Friday 4 September 2020

Creating a Sense of Time and Place in an Historical Novel

Definition of setting

Setting = time + place with a sprinkling of atmosphere.



This is reasonably easy especially if you have some knowledge of the place.  I know Stuttgart and Berlin a little. I even know the Waldorf School. I don’t know Nuremberg, Jena or Rexingen. I know London but not Minehead. Photos can help, especially old photos.


This can be trickier. We haven’t yet invented the time machine.  Yet there is a plethora of material available. I find amateur photos and film footage valuable. As are diaries, letters and other texts such as bills and receipts. I have some letters for guidance as you may know.

Why amateur? Well, they just show what was rather than making some attempt to rationalise or analyse what has happened. I found the adverts in some facsimile newspapers extremely useful. They gave a lot of detail about domestic life.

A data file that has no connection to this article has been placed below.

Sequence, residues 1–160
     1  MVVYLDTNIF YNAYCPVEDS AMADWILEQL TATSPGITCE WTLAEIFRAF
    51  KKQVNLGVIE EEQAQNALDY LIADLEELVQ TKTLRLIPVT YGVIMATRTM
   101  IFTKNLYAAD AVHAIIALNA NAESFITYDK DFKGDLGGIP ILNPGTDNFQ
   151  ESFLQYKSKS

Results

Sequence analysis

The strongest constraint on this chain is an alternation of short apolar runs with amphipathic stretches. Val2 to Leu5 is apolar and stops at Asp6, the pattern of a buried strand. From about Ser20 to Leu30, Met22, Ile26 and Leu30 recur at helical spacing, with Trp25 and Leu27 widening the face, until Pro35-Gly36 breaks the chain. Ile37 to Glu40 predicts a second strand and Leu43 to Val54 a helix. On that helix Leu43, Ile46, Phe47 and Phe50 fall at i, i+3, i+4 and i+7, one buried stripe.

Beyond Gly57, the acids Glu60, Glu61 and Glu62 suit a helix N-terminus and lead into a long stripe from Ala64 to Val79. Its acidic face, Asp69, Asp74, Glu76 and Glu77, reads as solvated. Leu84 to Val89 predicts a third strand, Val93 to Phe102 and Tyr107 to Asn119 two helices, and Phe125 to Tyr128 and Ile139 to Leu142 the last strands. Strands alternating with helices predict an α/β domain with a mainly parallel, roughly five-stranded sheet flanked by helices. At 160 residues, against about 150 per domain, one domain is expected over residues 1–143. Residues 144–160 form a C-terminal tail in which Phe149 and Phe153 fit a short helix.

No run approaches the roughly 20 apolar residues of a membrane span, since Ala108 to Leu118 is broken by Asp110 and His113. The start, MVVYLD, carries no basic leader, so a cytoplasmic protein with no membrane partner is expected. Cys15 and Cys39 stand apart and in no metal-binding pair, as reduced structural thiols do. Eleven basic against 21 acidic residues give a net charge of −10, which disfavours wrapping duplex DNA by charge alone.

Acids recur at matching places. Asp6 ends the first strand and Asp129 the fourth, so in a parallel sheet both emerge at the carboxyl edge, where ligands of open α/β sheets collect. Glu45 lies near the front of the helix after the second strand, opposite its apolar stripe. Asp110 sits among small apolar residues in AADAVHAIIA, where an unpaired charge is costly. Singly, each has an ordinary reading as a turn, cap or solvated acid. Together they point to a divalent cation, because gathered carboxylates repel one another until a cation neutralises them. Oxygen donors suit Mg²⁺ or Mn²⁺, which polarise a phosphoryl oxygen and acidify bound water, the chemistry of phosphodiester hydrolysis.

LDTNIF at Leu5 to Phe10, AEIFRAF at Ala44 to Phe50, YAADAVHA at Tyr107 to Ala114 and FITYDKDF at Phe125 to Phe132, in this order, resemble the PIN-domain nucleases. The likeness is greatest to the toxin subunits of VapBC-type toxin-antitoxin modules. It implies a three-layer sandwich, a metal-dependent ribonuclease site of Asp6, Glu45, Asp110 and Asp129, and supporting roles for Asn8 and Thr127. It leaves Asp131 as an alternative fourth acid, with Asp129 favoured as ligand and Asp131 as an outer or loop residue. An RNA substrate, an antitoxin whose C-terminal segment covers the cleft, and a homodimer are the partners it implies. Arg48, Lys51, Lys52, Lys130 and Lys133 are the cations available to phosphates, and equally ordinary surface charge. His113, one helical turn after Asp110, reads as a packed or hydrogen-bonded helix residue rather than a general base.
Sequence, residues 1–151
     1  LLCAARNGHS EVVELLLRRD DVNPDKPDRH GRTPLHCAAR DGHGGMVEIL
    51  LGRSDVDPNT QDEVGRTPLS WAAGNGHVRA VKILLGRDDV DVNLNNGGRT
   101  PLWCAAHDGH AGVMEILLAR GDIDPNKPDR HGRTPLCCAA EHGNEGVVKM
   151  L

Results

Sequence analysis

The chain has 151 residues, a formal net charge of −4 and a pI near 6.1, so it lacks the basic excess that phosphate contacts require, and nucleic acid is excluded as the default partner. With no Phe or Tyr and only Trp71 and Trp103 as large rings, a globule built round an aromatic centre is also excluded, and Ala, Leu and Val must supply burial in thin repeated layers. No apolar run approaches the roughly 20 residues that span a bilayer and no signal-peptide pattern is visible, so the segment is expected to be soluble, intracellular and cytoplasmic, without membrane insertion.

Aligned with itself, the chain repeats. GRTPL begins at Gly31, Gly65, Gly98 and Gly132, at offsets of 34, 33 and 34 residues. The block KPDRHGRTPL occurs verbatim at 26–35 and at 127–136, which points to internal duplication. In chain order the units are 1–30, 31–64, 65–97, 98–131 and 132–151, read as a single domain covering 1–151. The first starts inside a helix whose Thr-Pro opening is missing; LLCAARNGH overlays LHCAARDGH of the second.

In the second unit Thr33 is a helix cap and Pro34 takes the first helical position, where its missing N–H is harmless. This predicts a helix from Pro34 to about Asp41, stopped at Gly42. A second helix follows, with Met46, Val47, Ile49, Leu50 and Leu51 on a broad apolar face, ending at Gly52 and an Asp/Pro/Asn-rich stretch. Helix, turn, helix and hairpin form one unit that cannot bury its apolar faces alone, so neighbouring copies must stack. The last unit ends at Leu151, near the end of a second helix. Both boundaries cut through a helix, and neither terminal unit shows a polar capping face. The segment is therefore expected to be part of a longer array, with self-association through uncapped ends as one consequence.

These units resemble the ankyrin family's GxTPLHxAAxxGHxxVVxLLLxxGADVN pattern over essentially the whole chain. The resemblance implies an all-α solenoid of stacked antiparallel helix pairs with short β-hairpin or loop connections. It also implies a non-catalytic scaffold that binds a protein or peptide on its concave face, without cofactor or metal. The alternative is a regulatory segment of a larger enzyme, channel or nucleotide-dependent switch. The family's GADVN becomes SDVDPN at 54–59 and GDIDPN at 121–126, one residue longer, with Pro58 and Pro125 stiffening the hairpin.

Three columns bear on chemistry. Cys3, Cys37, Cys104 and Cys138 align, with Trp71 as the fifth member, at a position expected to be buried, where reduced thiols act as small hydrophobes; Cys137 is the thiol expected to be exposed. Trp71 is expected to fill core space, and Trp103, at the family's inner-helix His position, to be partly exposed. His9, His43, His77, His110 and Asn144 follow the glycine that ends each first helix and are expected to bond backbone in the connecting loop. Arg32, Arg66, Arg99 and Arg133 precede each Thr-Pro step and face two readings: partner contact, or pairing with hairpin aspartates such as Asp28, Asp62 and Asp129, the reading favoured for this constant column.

There are also the normal time markers: season, weather, light, flowers, plants, news items, meal times.


Seeking experiences helps here. I think about Clara traveling when I feel the wheels under my feet on train journeys. I can feel what it was like sitting in a cattle truck or cooped up in a tiny hiding place when I visit the Holocaust Centre at Laxton, Newark, Nottinghamshire.  

Write what you know?

That’s always the advice given to writers. But how does that work for fantasy, science fiction or historical fiction? Well, you start with what you know and what you can find out. You know human nature and how it will react in certain circumstances.  

Three tools

Primary resources

These are the diaries, letters and other realia mentioned above.

Repeated experience

Get yourself locked away for a few hours. Try the war time diet. Dress up in a 1940s costume.


Just write, driven by what you know of your characters and their settings. How will your players act in these circumstances? How will the setting make them feel?  What else is now in the setting that you didn’t know before?

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